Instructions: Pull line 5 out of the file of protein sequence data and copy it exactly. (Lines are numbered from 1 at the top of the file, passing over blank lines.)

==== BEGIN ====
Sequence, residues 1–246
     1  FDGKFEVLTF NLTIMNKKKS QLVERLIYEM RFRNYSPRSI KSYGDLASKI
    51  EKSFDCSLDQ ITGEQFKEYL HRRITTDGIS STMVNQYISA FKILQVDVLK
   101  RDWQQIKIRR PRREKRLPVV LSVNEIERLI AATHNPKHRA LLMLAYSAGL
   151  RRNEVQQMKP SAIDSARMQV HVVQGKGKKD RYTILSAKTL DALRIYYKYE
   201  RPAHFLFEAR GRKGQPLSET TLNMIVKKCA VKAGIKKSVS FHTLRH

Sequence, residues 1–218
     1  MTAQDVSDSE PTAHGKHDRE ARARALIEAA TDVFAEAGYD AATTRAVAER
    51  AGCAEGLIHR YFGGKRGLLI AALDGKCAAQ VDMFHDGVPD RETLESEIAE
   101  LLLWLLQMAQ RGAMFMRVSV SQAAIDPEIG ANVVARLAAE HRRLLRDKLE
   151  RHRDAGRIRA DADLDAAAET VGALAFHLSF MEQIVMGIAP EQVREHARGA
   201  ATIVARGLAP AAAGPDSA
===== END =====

   151  RRNEVQQMKP SAIDSARMQV HVVQGKGKKD RYTILSAKTL DALRIYYKYE